The Sa vz. 58 (7,62 mm samopal vzor 58, sometimes incorrectly CZ 58) is a select-fire assault rifle designed and manufactured in Czechoslovakia. The Sa vz. 58 is gas-operated (short-stroke piston). It looks similar to the AK-47, but its internal operation is different.
The Sa vz. 58 was developed by Ing. Jiří Čermák and Ing. Bohuslav Novotný. Development of new weapon (borrowing some ideas from previous experimental models) with project codename KOŠTĚ (broom) officially started in 1956, and the rifle was adopted by the Czechoslovakian army (the only member of Warsaw Pact not using an AK-47 variant) in 1958 and replaced vz. 52/57 semi-automatic rifle and Sa 24/26 (vz. 58/51) submachineguns. The new rifle was produced since 1959 by the state armament factory Česká Zbrojovka Uherský Brod. Production ended in 1984, leading to a grand total of 920,000. As of 2010, it is still the standard individual weapon in Czech and Slovak armies (the successor of vz. 58 should had been CZ 2000 weapon system - an AK-74 clone - but the project has been abandoned after Velvet revolution), although it's going to be replaced by the new CZ805 "Bren" rifle in the near future. Although outer design and ergonomics of vz. 58 looks similar to the AK-47, it is closer to the German WWII StG 44 and 7.92x33mm Kurz cartridge, as information about Soviet AK-47 and 7.62x39mm cartridge was not available in the beginning of development. The internal operation is completely different to AK-47, with locking similar to the Walther P38 or Beretta 92 pistols, and the striking hammer is linearly floating.
Military adopted Edit
- Samopal vzor 58 P (Pěchotní - infantry): standard fixed stock version (earlier stocks were wooden, since 1962 stocks were made from composite of splinters and epoxide).
- Samopal vzor 58 V (Výsadkový - airborne): metal folding stock version for vehicle crew and airborne units.
- Samopal vzor 58 Pi (Pěchotní s infračerveným zaměřovačem - infantry with infrared sight): with a mounting (similar to SVD mounting) originally for 1st generation infrared night vision sight NSP-2 or presently for modern-day Meopta MEO 50 S night vision scope, fixed stock, mostly used with conic flash suppressor and detachable folding bipod.
Today most of Czech Army troops use folding stock version, certain forces uses B&T upgrade rails and various electro-optical sights, the latest upgrade includes CAA M4-style buttstock and FAB Defense pistol grip.
- Automatická puška (automatic rifle) AP-Z 67: 7.62x51 calibre version developed in 1966 to 1967.
- Útočná puška (assault rifle) ÚP-Z 70: 5.56x45 calibre version developed in 1970.
- Experimentální zbraň (experimental weapon) EZ-B: bullpup version developed in 1976.
- Ruční kulomet (light machine gun) project codename KLEČ (dwarf pine): 590 mm (23.2 in) barrel version (similar to RPK) developed in 1976.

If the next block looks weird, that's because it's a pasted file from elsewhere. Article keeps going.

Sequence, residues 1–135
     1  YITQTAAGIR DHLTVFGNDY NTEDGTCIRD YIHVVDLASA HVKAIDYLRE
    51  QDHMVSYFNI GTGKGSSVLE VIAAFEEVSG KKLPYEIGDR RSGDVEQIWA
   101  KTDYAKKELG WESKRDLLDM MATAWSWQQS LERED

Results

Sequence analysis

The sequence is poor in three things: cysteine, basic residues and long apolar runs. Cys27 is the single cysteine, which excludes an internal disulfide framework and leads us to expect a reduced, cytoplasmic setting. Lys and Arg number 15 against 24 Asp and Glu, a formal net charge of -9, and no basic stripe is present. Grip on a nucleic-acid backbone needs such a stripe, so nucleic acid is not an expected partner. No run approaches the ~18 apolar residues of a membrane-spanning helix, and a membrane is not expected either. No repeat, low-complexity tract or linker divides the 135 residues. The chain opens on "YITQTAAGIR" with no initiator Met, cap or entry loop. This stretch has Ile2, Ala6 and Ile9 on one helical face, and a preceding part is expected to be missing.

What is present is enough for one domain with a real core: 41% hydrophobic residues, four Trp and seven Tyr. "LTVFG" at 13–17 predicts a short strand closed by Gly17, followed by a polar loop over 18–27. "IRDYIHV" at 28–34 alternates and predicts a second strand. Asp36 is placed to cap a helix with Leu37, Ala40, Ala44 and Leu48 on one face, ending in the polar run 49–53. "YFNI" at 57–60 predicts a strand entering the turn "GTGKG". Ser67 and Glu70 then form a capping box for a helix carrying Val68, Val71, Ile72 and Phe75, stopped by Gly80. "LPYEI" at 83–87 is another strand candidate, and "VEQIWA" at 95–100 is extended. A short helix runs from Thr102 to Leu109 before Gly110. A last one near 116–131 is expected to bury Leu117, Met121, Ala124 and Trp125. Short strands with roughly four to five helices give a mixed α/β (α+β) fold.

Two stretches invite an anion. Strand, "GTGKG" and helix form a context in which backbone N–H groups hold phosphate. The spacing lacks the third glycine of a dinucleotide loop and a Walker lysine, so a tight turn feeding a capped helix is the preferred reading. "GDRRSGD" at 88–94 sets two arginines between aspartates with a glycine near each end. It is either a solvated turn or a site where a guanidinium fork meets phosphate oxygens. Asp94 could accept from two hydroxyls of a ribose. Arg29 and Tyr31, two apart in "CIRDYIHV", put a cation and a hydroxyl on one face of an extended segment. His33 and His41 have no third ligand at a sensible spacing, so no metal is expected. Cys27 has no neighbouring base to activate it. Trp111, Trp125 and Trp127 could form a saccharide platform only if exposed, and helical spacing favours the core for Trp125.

- Lehká odstřelovačská puška (light sniper rifle) vzor 58/97: marksman rifle developed by VTÚVM Slavičín.
- Samopal (submachine gun) vzor 58/98 "Bulldog": 9x19 calibre variant developed by VTÚVM Slavičín.
- CZH 2003 Sport: first semi-automatic only variant, made by Zbrojovka Praga. Available with barrel lengths of standard 390 mm (15.4 in), shortened 295 mm (11.6 in) or extended 482 mm (19.0 in).
- CZ 858 Tactical: another semi-automatic only variant made by Česká Zbrojovka Uherský Brod. Outer parts have new varnish coat (identical to original military rifles coating).
- FSN01: yet another semi-automatic only variant made by Novohradský. Available with barrel lengths of standard 390 mm (15.4 in) or shortened 275 mm (10.8 in), outer parts are blued.
All original military vz. 58 parts are fully interchangeable. The civilian variants are not newly manufactured guns but are reassembled from existing, unused vz. 58 parts. Varied muzzlebrakes/flash suppressors, mountings and other aftermarket accessories are available, all standard military accessories (magazines, bayonet, folding bipod, conic flash suppressor, blank-firing attachment, fixed and folding stocks etc.) fit as well.
Comparison with AK-47 Edit
- shorter (overall length 845 mm / 33.3 in, 636 mm / 25.0 in if stock folded)
- lighter (3.59 kg / 7.92 lb with loaded magazine), lightweight (though sturdy and reliable) light metal magazines (0.19 kg / 0.42 lb unloaded)
- chargeable by SKS clips, better safety, able to fire when stock folded, bolt catch (holds the bolt open on last shot)
- reliability in all conditions (uncleaned, in water, dust, mud, high and low temperatures)
- single shot accuracy (max. 18 cm / 100 m = max. 6 MOA)
- undemanding maintenance and use
- difficult to control and not accurate during automatic fire (shorter, lighter, higher rate of fire)
- shorter lifetime than AK-47 (still better than many other military weapons - bore, chamber, piston rod and locking piece are chromium-plated)
- more small parts (field stripped to 9 parts - frame with barrel and fixed ejector, bolt with spring-loaded extractor, locking piece, bolt carrier, linear hammer, receiver cover with recoil and hammer springs, piston rod, piston spring and handguard)
Comparative test of vz. 58 and AK-47 and its clones passed off in Soviet Union in 1967.
References and further reading Edit
- Czech army vz. 58 page. Note on bottom pictures: blank-firing attachment - pic. #1, #2 and #4, opened receiver - pic. #3.
- 601st SFG vz. 58 page. Note muzzle compensator (Grand Power).
- Čermák, Jiří (1999). 40 let konstruktérem zbraní 1946-1986 (Od samopalu ČZ 247 ke zbraňovému kompletu LADA). Brno: Ardent. ISBN 80-238-3397-9.
- Fencl, Jiří (2005). Samopal vz. 58. Praha: Naše vojsko. ISBN 80-206-0765-X.
- Popelínský, Lubomír (1999). Československé automatické zbraně a jejich tvůrci. Praha: Naše vojsko. ISBN 80-206-0567-3.